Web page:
• Worldwide, infection of the brain (Toxoplasma encephalitis) develops at some time in approximately 40% of people who have HIV/AIDS. This condition is very hard to treat in these patients, so they are often treated preventatively with antibiotics. ƒ
  • If an animal is infected when it is pregnant, its young may be born dead or very sick, and die soon after. ƒ
  • If a woman is infected when she is pregnant, the baby may die before or soon after being born, develop mental problems, or the baby may be normal and not show any signs of infection until the person is an adult. Eye problems are very common in these delayed-onset cases.

Should I Test My Cat For Toxoplasma?
There is very little value in testing your cat for Toxoplasma, because:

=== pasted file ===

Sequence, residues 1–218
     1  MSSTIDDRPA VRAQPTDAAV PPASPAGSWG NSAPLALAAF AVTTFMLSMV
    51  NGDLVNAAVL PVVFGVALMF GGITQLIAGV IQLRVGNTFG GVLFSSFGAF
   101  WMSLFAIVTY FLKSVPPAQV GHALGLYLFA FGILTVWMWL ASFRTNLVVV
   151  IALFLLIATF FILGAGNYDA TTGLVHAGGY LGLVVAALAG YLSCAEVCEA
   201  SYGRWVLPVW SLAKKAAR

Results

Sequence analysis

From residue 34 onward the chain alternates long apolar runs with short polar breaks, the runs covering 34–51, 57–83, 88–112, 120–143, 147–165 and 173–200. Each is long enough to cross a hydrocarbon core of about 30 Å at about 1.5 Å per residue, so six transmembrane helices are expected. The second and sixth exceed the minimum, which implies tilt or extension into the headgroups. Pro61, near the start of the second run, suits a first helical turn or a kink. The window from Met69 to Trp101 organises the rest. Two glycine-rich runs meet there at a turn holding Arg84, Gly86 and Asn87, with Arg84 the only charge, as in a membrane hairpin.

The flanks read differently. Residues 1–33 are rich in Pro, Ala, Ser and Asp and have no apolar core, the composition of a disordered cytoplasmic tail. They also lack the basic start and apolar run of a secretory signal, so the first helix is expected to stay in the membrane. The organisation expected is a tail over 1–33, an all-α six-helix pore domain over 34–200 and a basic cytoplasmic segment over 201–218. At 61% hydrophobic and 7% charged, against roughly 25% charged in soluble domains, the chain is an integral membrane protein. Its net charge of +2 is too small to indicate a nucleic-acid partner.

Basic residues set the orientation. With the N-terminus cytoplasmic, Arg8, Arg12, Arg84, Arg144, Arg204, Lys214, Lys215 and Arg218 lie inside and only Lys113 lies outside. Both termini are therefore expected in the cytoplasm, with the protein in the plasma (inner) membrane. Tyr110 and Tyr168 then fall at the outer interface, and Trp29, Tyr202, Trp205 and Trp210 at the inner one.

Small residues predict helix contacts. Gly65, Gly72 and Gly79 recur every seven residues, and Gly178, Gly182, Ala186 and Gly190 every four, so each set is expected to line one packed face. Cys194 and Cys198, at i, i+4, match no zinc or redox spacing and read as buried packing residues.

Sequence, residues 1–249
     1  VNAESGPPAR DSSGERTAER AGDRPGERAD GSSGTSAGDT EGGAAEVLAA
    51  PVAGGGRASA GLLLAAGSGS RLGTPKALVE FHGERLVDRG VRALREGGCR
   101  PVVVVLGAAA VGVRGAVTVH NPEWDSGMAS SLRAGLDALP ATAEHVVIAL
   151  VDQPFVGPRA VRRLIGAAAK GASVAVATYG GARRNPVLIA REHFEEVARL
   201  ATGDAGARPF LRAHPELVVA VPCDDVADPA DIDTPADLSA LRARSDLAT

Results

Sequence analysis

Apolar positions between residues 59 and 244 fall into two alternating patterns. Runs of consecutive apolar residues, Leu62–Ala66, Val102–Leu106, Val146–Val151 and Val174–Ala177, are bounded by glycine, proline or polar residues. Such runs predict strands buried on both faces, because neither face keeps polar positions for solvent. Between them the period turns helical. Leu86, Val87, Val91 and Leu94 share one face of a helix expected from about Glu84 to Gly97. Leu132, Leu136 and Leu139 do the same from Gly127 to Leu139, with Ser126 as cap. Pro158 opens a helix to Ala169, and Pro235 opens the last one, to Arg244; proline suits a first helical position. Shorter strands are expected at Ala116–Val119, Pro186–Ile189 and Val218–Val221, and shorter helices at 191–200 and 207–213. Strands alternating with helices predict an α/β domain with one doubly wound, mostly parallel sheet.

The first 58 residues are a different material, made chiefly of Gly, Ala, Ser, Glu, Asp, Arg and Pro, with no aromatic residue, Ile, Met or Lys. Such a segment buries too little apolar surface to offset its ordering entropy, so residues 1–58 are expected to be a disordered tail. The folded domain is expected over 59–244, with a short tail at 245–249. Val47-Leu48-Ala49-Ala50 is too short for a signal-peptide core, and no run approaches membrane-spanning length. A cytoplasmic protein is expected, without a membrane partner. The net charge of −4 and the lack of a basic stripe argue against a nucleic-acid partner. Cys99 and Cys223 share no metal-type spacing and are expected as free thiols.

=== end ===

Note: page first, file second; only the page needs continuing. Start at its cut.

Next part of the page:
• Although 15-40% of cats have been exposed to Toxoplasma, less than 1% of all cats are shedding oocysts at any one time, and even some of these may be shedding so few oocysts that they can’t be detected in the stool. Young cats and kittens are more likely to be shedding than older cats which are already immune, but they may still be hard to catch during their short shedding period.
  • If a blood test shows your cat has been exposed to Toxoplasma (i.e. seropositive), it is probably already immune and no longer shedding oocysts. However, it could potentially shed small numbers of oocysts if it is re-exposed. ƒ
  • If a blood test shows your cat has not been exposed to Toxoplasma (i.e. seronegative), then it is also likely not shedding oocysts. However, if it is exposed, it will likely shed a large number of oocysts for a short time.